Outdoor Rabbit Cages
If you live in a region with a moderate climate, you may find that your pet rabbit enjoys being outside. Outdoor rabbit housing is a great way to enjoy your pet and keep him or her happy, without introducing any dirt or odors into your home. The primary considerations you need to make are for the protection of your rabbit or rabbits from the elements as well as climate control. Rabbits are very tolerant of cold weather, but they cannot handle heat. Sometimes placing the cage or hutch in the shade is not sufficient. Here we’ve identified some health and safety solutions for your outdoor rabbit cages.
You never want to leave your rabbit in direct sunlight. If you can’t find a shady area in the yard, consider building a roof over the hutch much like the one on your own house. You may find cages that already have waterproof asphalt or tiled roofs to give great protection from the sun. Building a cover out of similar material is an easy way to convert a pre-existing indoor cage into something that is suitable for the outdoors. Another option is to keep the hutch in a covered patio or porch area that is attached to your house. Again, this will ensure that your rabbit has shade throughout the day, year-round.
Wind & Rain Cover
To protect your pet from the wind, rain, and anything else nature can stir up, you should use an outdoor rabbit cage with a solid top and at least one or two solid sides. The solid construction will act as a wind block without limiting overall ventilation, and the solid wall will give your rabbit a comfortable place to sit during storms or windy days. If you live in a mild climate with infrequent rain, you can probably get by with a solid roof and a 4-6” splash guard along the lower edges of the cage. This provides enough protection if your rabbit needs to hunker down in the corner of the cage, but it is also easy to clean, and keeps the cage feeling very light and open.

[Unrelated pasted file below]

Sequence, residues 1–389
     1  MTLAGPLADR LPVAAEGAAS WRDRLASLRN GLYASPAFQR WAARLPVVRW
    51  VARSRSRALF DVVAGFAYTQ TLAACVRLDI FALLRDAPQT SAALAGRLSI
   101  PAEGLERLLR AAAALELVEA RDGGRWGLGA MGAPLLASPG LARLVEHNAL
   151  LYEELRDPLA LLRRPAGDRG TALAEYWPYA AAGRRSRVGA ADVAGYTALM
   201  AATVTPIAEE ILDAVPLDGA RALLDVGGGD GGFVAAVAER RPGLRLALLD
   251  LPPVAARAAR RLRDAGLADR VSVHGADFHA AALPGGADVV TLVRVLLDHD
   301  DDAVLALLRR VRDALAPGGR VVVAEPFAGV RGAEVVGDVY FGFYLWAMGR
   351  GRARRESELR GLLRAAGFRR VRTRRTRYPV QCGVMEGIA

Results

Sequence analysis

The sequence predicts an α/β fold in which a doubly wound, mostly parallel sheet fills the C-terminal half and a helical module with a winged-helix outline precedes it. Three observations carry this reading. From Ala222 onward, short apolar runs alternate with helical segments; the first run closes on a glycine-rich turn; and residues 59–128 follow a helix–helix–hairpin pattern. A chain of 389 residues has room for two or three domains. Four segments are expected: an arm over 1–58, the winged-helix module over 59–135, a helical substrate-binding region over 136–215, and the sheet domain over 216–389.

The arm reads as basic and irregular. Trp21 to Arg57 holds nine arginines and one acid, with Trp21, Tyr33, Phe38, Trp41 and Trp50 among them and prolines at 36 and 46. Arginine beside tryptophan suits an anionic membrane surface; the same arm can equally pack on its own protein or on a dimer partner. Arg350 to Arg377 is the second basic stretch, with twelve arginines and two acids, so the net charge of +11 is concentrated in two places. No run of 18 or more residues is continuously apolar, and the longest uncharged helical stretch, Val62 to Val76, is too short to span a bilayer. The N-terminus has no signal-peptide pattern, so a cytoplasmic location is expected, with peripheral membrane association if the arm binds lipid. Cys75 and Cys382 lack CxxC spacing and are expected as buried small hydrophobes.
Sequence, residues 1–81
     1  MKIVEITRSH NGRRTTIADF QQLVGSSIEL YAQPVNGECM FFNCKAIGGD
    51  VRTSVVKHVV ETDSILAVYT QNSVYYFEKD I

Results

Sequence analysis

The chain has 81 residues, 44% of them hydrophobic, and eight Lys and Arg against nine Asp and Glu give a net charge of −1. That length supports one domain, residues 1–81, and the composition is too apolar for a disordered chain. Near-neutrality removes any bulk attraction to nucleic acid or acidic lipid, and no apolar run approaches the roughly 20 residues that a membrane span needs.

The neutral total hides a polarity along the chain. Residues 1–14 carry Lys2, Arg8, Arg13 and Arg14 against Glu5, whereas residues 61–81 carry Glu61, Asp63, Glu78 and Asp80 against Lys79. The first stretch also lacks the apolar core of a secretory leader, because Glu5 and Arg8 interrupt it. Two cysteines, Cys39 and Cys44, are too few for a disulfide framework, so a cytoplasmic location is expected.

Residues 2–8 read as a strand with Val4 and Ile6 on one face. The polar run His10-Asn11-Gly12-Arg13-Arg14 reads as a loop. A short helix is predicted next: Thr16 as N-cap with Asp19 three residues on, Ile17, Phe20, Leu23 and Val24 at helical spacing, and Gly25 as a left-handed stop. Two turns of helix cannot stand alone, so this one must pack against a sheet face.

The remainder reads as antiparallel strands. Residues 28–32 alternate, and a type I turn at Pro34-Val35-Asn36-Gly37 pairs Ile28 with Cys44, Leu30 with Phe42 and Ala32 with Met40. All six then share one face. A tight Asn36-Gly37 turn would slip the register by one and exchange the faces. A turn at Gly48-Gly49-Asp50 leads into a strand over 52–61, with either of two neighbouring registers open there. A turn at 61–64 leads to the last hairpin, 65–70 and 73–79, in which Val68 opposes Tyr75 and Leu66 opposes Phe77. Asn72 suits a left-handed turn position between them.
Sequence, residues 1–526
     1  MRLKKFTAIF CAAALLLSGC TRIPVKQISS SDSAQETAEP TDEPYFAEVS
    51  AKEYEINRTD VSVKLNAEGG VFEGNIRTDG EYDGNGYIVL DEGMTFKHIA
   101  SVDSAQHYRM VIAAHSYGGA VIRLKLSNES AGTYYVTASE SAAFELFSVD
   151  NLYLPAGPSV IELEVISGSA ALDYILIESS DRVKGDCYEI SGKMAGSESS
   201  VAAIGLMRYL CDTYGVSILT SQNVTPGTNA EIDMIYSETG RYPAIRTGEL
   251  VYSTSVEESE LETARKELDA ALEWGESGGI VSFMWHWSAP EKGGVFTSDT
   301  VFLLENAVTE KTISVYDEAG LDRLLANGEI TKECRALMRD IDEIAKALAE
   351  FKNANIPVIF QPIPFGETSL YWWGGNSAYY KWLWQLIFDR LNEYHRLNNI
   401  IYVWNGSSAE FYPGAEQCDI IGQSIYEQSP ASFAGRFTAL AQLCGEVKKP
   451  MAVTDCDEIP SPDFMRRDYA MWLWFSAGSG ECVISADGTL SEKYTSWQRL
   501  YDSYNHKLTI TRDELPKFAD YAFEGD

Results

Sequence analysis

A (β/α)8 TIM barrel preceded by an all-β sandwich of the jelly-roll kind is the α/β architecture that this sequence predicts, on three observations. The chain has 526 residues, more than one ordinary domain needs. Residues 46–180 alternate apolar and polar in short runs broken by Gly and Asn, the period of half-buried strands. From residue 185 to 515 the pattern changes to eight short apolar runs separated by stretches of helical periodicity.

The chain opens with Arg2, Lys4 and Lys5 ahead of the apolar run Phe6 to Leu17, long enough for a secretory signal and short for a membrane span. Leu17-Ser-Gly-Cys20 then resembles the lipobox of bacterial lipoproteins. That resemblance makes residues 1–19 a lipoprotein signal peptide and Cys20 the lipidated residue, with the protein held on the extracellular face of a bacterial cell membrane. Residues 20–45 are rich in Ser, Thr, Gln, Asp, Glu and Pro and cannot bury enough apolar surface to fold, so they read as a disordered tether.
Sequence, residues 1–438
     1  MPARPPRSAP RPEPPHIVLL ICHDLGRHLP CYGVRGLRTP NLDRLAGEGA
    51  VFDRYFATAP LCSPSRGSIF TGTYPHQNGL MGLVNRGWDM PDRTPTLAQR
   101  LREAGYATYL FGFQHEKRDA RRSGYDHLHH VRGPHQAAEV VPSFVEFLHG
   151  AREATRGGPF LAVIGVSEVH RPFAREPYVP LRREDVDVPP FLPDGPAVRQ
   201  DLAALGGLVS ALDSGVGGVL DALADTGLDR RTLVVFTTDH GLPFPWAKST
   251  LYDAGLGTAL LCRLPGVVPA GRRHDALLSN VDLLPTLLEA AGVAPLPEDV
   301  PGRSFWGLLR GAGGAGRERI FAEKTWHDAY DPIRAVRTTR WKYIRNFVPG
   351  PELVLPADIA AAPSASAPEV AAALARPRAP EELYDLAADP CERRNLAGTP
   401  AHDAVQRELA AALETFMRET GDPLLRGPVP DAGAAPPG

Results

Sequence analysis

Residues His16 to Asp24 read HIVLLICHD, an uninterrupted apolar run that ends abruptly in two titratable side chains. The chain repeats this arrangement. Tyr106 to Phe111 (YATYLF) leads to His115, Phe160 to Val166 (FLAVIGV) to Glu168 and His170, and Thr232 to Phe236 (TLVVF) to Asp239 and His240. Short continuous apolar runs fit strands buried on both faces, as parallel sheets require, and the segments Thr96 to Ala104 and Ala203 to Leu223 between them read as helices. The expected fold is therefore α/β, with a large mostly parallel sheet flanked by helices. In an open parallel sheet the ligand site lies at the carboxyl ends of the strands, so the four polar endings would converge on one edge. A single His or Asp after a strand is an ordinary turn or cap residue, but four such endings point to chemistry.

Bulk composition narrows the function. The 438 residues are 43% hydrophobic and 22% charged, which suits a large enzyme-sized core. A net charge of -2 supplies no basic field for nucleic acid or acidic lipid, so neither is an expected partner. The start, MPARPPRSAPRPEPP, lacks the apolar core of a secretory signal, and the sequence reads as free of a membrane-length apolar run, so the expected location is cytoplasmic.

Can It Get Too Cold?
In very cold climates, your rabbit’s fur may not be enough to keep him or her warm while outdoors. Talk to the breeder to find out what the lower temperature limits are for your pet, and move your rabbit indoors immediately if the temperatures drop within 5 degrees of the recommended limit. Even if you keep your pet outdoors 99% of the time, you really should own a small indoor cage in case of emergencies.
You may also put a small enclosure, such as a wooden box or empty cereal carton into the outdoor cage where your rabbit can sit to conserve body heat. You will find that rabbits or litters who share a cage will often huddle together to generate more warmth. Another option that some pet owners use are short lengths of PVC pipe capped off on one end to provide additional shelter and isolation from the cold. This may not be the most attractive cold-weather solution, but they will do the trick and are fairly cheap.
Any outdoor rabbit cage should be versatile and durable. You want your pet to feel safe regardless of the weather conditions. Give some consideration to the permanence of the structure. If you have the room for it, an enclosed rabbit hutch can give your yard a bit of character. Ventilation is important for reducing odor as well as your pet’s health. You never want to cut off the supply of fresh air or let the enclosure feel stuffy.